Kashmir is important to India and Pakistan because finding a peaceful solution to the long-standing territorial dispute may improve relationships between the two nations and create more stability in the region. Kashmir itself has water resources and strategic value for military conflicts.
Kashmir's water resources are the primary resource value in the region. Pakistan is facing water scarcity and Kashmir has rich rivers, glaciers and other water resources. India is building hydroelectric plants on some of the rivers in areas it controls, which provide valuable electricity. Due to its mountainous nature, Kashmir also provides high ground for military conflicts, and some important supply routes run through it.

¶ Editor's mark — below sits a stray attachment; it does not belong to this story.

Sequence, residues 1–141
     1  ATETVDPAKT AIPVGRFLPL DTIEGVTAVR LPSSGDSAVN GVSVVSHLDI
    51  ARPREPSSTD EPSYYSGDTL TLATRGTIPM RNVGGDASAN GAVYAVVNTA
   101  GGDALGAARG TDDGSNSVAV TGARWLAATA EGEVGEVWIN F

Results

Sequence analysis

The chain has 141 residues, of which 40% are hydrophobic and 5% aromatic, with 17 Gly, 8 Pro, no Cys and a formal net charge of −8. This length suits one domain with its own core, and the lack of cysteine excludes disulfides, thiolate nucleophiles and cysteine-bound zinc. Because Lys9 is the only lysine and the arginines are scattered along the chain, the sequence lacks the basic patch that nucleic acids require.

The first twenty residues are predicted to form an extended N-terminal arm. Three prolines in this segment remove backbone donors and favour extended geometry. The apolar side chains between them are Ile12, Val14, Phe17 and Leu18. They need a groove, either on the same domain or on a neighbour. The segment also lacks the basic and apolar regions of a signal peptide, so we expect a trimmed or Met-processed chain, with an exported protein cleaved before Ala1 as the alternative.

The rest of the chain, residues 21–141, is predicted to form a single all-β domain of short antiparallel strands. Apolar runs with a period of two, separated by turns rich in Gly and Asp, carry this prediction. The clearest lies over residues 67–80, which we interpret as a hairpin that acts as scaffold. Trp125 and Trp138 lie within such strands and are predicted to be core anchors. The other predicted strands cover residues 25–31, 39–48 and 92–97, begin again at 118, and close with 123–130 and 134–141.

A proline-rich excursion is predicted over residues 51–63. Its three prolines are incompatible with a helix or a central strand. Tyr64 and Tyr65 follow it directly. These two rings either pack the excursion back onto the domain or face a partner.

The dispute over Kashmir has been dividing India and Pakistan since the nations were first freed from British rule. Jammu and Kashmir state, the India-controlled portion of the region, has a majority Muslim population like Pakistan. India and Pakistan are both nuclear powers and have been in conflict since they gained independence in 1947. They have come dangerously close to nuclear warfare at times, and their inability to work together as allies contributes to the instability of the region. Finding a diplomatic solution to the dispute over Kashmir could significantly repair relations between the two countries, which may have positive implications for peace in South Asia and the Middle East.